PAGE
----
Pope John XXIII (1958-1963)
Angelo Giuseppe Roncalli (1881-1963)

Pope John XXIII summoned the Italian bishops to the Roman Synod of 1959 as an anticipation of the Second Vatican council. In a massive reaffirmation of traditional practice, the pope solemnly confirmed the use of Latin, condemned all attempts at creativity on the part of the celebrant of Holy Mass, ordered Gregorian Chant, and forbade women entry to the altar area.

A year later the pope issued his Apostolic Constitution Veterum Sapientia, On Promoting the Study of Latin, as the Church's cultural and religious heritage and as its living language -- universal, immutable, and non-vernacular. He bound bishops to "be on their guard lest anyone under their jurisdiction, being eager for innovation, write against the use of Latin in the teaching of the higher sacred studies or in the liturgy, or through prejudice makes light of the Holy See's will in this regard or interprets it fa1sely." He attributed a very special importance to this document, promulgating it with a solemnity unique in the history of the present century -- in person, in St. Peter's upon the Confession of St. Peter himself, and in the presence of the cardinals and of the Roman clergy.

When he opened the Second Vatican Council on October 11, 1962, Pope John XXIII charged the Council Fathers "that the Sacred Deposit of Christian Doctrine should be guarded and taught more efficaciously [with a] renewed, serene, and tranquil adherence to all the teachings of the Church in their entirety and preciseness, as they still shine forth in the acts of the Council of Trent and the First Vatican Council."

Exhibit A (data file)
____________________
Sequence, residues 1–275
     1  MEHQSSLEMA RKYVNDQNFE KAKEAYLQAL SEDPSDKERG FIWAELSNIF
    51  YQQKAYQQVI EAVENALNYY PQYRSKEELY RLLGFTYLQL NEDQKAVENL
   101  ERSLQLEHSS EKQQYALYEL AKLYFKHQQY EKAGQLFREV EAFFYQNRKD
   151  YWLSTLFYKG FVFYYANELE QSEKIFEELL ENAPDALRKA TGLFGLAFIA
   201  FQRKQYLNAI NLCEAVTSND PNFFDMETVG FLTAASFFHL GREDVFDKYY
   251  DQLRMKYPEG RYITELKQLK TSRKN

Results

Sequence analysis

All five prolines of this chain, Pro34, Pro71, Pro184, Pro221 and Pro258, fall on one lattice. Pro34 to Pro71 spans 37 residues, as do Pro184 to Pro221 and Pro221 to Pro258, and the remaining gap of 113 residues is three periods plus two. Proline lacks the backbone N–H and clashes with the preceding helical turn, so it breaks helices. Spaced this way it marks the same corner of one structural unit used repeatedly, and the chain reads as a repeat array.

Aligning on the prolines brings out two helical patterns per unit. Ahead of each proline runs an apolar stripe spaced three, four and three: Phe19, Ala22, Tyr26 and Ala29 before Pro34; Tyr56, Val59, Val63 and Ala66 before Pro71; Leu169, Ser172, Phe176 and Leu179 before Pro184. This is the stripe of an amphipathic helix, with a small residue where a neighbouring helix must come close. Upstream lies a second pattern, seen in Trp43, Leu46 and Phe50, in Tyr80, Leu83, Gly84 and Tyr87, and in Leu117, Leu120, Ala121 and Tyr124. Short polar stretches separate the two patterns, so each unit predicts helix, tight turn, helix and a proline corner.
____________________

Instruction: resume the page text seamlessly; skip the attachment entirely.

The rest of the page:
In fact, the Second Vatican Council was apparently a great disappointment to the pope. According to Anne Muggeridge, the daughter-in-law of the famous British Catholic convert and journalist Malcolm Muggeridge), in The Desolate City, John Cardinal Heenan of Westminster reported that when, during the rebellious first session of the Council, the pope realized that the papacy had lost control of the process, he attempted to organize a group of bishops to try to force it to an end.

Malcolm Muggeridge, who reported from Rome on the Second Vatican Council for the British Broadcasting Corporation, considered Pope John "politically naive and unduly influenced by the handful of 'liberal' clerics with whom he is in close contact." In a 1985 interview, he gave his assessment of the pope thus:

Really Pope John -- who was built up as a saintly and perfect pope, the good man of our time -- whether consciously or unconsciously, did more damage to the Church than possibly any other individual man had ever done in the whole of its history.... It seemed almost as though Pope John was operating on behalf of the devil without being in any way conscious of it.

Whatever Pope John's disposition was, however, before the second session of the council could open, he died. His last words on his deathbed, as reported by Jean Guitton, the only Catholic layman to serve as a peritus at the Council, were: "Stop the Council; stop the Council." In any case, it is a fact that Pope John signed not one document of the Second Vatican Council.

Return Arrow Return to the Papal Photo Gallery.